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It won’t be easy but it could be beautiful

My father started farming at Riverford in 1951 with a clarity of purpose I envy today.

Food rationing was still in place and, with memories still fresh of U-boats coming close to starving Britain into submission, farming was an obvious choice for those emerging from the war wanting to contribute positively and “be useful” in a post-colonial era.

As food rationing ended in 1954, the emphasis on home production continued, driven first by the need to conserve foreign exchange (the war left us broke) and later by the politically driven policies of the European Economic Community (EEC). Food self-sufficiency peaked at 78 per cent in 1984; the highest since British agriculture’s golden age in the mid-19th century, and, given our increased population and consumption of meat, an incredible achievement.

With a rise of neoliberal market fundamentalism and protestations from US and World Trade Organization over the dumping of EU surpluses on world markets, subsidies and interventions have been progressively removed through my farming career as farmers were left to go the way of miners, ship builders and steel workers.

Farming
The modern farmer: Producing food, protecting nature and storing carbon.

UK food self sufficiency now stands at 64 per cent, (a paltry 18 per cent for fruit and 55 per cent for veg) but the price farmers receive has never been cheaper in real terms. With farming now contributing so little to wealth (0.7 per cent of GDP) but so much to environmental degradation (by most measures, about a third), I, like many farmers, feel confused by my role; sometimes guilty, sometimes angry and misunderstood, but mostly just confused and frustrated. As we flounder in the dark of a policy vacuum, I envy the clarity and optimism of my father’s farming era. 

We must learn to farm for carbon, biodiversity and food in the same space, with differing local emphasis according to land quality and ecological sensitivity. Our farming must embrace complexity and locally specific mixed farming practices, rewilding of small areas connected in corridors, more perennial crops (mostly trees) and less soil disturbance. Robots, technology and, on rare occasion, vertical farming may play a part, as will greater ecological understanding and more plant-based, seasonal diets.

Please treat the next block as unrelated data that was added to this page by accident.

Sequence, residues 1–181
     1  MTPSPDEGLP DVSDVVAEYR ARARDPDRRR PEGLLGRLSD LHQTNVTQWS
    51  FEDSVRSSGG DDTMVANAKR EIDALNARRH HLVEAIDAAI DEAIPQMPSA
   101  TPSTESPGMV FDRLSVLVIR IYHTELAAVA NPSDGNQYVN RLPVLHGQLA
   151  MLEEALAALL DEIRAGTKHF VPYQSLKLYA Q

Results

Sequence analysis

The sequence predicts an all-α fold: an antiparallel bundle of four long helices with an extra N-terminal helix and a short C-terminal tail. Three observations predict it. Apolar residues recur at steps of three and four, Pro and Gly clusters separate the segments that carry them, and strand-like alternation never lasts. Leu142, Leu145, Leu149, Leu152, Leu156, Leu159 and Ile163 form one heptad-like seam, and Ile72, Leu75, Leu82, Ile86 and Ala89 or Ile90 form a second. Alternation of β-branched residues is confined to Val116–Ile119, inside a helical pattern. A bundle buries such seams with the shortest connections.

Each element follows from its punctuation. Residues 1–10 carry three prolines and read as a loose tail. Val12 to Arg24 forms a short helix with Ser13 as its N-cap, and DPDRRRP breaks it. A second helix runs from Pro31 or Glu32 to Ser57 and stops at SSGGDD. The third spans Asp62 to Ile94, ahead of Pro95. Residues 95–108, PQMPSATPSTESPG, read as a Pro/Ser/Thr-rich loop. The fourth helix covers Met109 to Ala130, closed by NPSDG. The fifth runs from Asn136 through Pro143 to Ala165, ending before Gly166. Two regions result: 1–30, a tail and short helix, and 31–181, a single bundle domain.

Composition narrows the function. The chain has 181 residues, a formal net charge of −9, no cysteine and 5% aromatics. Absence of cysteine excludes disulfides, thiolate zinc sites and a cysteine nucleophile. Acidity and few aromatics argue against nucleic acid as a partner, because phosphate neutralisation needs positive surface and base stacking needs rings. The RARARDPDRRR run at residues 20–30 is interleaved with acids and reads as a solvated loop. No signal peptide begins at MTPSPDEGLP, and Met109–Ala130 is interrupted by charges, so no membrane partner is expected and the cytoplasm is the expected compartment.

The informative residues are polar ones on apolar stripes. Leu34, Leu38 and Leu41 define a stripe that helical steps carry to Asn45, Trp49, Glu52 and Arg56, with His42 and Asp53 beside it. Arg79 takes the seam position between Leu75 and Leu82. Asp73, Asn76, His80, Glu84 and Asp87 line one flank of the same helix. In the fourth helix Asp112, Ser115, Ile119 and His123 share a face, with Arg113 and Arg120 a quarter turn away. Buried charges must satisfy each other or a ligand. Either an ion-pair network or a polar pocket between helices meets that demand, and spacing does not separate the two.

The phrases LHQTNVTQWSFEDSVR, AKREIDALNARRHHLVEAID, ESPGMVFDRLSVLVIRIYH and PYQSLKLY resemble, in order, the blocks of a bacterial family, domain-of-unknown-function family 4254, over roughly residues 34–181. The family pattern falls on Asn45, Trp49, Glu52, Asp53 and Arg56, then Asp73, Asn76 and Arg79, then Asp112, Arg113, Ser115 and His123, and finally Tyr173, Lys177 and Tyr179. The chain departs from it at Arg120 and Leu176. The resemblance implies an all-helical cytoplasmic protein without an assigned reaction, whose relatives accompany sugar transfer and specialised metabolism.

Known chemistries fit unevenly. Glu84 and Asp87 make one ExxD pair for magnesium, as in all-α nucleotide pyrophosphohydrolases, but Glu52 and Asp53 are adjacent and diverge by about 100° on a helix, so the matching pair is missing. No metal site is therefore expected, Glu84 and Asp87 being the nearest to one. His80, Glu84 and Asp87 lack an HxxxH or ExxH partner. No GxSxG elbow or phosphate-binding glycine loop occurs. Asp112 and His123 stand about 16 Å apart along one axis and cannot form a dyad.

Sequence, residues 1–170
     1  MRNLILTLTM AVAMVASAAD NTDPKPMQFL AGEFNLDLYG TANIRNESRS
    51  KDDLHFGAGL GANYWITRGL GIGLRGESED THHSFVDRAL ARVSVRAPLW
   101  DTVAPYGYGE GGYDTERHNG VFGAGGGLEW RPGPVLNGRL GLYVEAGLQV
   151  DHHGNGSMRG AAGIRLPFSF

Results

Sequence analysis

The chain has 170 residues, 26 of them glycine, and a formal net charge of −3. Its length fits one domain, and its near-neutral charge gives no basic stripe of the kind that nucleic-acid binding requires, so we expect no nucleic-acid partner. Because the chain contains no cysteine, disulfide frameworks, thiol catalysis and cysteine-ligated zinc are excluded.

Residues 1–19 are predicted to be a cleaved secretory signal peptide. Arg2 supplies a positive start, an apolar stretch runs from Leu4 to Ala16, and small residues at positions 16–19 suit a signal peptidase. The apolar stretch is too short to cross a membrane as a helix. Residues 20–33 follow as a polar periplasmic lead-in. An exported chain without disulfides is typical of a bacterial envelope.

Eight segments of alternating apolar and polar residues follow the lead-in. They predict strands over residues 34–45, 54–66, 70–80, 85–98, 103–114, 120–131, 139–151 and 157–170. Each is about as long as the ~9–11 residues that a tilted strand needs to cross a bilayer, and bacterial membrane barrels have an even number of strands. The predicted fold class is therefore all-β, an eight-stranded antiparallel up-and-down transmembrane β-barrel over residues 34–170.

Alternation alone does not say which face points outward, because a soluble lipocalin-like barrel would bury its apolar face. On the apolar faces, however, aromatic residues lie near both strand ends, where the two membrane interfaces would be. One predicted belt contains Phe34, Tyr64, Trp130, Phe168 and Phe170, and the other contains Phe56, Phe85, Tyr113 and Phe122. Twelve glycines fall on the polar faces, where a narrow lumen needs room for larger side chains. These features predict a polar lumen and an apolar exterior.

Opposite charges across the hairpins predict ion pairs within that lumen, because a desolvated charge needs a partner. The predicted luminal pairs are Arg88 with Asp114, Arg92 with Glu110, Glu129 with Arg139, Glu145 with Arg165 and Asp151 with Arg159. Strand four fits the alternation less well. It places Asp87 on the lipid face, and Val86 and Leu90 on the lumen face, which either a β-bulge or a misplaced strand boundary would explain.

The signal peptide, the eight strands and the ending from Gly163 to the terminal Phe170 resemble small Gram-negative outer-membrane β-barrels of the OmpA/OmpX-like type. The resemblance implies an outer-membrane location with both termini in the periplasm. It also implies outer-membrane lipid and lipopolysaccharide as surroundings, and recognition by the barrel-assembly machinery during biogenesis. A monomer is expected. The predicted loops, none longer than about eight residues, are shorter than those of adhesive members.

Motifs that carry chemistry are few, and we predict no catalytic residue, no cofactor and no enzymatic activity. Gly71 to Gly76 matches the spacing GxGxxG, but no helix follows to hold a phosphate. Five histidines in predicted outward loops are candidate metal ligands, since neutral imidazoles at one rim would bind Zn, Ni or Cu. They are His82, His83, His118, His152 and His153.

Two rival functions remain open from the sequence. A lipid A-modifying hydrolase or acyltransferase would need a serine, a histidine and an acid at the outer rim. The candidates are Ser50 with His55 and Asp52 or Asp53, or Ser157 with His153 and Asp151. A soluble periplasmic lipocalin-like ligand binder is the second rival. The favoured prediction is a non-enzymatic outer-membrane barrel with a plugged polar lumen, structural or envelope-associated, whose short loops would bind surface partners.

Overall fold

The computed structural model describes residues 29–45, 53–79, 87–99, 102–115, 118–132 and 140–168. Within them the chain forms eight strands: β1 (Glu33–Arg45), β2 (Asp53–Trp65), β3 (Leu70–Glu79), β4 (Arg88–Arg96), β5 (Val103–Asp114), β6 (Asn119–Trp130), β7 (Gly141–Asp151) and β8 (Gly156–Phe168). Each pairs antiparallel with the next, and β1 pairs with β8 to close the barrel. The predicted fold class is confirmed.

Market forces or even carbon trading are too clumsy to guide such multifaceted outcomes. We need brave policies delegated to local bodies to enforce. It won’t be easy but it is doable, urgently needed and could be beautiful.

    Comments

    Christopher

    1 Month

    Hello Guy! Talking of confusion, I was wondering what your thoughts are regarding aquaponics. You've mentioned fish production in previous articles, and obviously veg production. What about this system called aquaponics? Personally I find it hard to imagine veg growing with no soil, but maybe you could provide myself and other readers with a more critical view. That is if you're bored on a wet cold autumn morning;-)
    Christopher from France.

    0 Reply

    Walrus

    1 Month

    Now that could be a very interesting discusion, I admit I like the idea but! (life is like an ashtray ~ full of little butts) Is it or could it be adequate to supply the large amount of foodstuff needed in our modern world? From what I've seen whlst experients are carried out and some great write-ups are produced the areas experimented on seem fairly small plus I haven't as yet seen any long term results.